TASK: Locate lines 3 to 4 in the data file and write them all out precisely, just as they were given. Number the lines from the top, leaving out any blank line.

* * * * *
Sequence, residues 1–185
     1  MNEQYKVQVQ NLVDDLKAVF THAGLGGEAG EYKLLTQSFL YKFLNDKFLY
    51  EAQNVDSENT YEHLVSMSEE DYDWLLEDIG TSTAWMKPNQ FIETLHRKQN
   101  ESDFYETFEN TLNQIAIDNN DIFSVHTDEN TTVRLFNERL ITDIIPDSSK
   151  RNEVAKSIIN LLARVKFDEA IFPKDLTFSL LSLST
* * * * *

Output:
    51  EAQNVDSENT YEHLVSMSEE DYDWLLEDIG TSTAWMKPNQ FIETLHRKQN
   101  ESDFYETFEN TLNQIAIDNN DIFSVHTDEN TTVRLFNERL ITDIIPDSSK